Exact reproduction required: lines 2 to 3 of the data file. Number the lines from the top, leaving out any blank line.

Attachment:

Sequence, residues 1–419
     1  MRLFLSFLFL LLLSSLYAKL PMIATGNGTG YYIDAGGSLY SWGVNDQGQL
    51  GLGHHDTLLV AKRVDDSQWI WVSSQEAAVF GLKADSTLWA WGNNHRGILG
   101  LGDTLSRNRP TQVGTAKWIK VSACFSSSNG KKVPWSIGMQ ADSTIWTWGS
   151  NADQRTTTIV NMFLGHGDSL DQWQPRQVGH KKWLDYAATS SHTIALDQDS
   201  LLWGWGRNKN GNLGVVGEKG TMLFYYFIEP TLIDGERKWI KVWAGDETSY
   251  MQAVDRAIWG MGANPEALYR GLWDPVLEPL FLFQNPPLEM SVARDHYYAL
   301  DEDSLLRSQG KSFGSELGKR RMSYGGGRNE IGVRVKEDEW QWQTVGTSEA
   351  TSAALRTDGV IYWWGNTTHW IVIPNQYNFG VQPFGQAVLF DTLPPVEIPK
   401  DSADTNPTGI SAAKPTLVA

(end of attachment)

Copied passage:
     1  MRLFLSFLFL LLLSSLYAKL PMIATGNGTG YYIDAGGSLY SWGVNDQGQL
    51  GLGHHDTLLV AKRVDDSQWI WVSSQEAAVF GLKADSTLWA WGNNHRGILG